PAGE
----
What Is The Average Medical Malpractice Lawsuit Settlement?

Many people wonder whether or not a lawsuit is even worth the time. Will the settlement payout be worth it? Often, plaintiffs say they would never have gone to court or asked a lawyer for help if it was just about the money. For them, it can be mostly about principle: holding someone accountable for a personal injury. In our case, we see personal injury on a routine basis in the medical malpractice cases we fight to win.

Although the amount of a verdict or settlement is contingent on what happened, the average payout is around $242,000 according to Wolf and Pravato

How will an attorney decide the right ask? 

A number of factors are plugged into the equation. These might include obvious damages such as lost wages, medical bills, future lost wages as the result of diminished productivity or inability to retain employment, physical therapy, loss of benefits, and pain or emotional trauma. Judges sometimes slam defendants with punitive damages if the negligence was egregious. Your lawyer will have a lot of questions, so make sure you take careful consideration and answer honestly.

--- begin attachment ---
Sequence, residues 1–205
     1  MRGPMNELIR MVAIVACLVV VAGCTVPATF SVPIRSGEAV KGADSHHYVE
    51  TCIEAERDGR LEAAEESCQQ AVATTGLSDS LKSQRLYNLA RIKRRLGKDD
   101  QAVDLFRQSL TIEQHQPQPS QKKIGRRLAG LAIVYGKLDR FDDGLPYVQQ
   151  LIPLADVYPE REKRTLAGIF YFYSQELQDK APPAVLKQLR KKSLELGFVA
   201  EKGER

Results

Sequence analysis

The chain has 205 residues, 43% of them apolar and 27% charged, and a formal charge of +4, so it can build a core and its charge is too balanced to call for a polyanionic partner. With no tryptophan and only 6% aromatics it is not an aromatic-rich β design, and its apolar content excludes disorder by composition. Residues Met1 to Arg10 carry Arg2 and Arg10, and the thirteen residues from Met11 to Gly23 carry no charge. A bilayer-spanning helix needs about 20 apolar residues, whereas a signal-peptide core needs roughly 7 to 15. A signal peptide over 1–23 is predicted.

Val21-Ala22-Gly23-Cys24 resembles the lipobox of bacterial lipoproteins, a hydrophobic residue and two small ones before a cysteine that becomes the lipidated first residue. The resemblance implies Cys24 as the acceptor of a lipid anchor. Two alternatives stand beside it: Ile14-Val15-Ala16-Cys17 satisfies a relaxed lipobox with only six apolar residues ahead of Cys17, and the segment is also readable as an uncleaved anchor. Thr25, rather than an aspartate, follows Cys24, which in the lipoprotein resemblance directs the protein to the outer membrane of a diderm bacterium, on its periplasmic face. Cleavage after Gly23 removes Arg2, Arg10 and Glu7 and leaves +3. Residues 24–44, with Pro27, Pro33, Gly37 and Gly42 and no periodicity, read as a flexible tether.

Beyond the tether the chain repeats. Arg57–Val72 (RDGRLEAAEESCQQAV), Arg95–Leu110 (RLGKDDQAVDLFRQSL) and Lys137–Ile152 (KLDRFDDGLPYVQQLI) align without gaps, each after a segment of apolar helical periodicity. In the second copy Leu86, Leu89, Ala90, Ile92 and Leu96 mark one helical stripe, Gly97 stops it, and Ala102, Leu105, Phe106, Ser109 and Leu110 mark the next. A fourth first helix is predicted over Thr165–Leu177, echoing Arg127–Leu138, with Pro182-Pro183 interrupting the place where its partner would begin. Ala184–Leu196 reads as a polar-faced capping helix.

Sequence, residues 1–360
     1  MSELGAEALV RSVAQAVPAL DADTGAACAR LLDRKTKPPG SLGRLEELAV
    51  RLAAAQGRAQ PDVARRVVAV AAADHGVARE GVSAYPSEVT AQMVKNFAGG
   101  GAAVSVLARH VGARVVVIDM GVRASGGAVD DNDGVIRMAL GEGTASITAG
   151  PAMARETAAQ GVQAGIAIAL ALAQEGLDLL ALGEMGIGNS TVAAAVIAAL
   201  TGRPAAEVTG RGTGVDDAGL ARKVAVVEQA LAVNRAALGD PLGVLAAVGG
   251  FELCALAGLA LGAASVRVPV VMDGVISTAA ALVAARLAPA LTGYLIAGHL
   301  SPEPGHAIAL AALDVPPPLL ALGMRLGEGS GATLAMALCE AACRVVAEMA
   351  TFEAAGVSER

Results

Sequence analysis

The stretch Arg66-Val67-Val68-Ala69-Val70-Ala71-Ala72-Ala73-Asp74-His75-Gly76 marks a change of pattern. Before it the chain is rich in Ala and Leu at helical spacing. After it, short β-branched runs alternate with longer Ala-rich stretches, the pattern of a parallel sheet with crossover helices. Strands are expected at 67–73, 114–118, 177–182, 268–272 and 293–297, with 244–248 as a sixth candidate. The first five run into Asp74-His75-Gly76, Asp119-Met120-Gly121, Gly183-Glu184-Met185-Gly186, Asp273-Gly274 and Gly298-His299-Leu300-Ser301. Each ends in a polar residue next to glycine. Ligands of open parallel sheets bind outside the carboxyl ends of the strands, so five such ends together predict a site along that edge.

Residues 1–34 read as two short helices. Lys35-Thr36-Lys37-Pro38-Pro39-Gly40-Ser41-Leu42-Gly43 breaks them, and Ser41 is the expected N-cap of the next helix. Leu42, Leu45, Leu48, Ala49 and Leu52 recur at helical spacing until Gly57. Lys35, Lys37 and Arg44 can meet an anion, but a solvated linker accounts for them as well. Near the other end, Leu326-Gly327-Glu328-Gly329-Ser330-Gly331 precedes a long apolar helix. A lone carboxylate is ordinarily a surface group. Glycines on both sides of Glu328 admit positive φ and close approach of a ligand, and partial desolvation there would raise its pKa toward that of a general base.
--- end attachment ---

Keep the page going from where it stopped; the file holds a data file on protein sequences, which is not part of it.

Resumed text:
Lawyers and defendants will always prefer to settle outside of court — because you never know what will happen once you cross the threshold into one. That’s why the vast majority of personal injury or malpractice cases inevitably settle without the need for a courtroom verdict. Courtroom cases also take much longer, so plaintiffs don’t like them either.

Medical malpractice cases usually provide bigger payouts because a single — successful — medical malpractice case can bring down even the best doctors or most esteemed hospital systems. One mistake can be deadly for a client and business both. 

Not sure you have a medical malpractice case? Contact an attorney to find out for sure. Compile all your relevant bills and know your story before you make the call. Answer questions honestly. And remember — it’s not always about the money. You can prevent it from happening to someone else.

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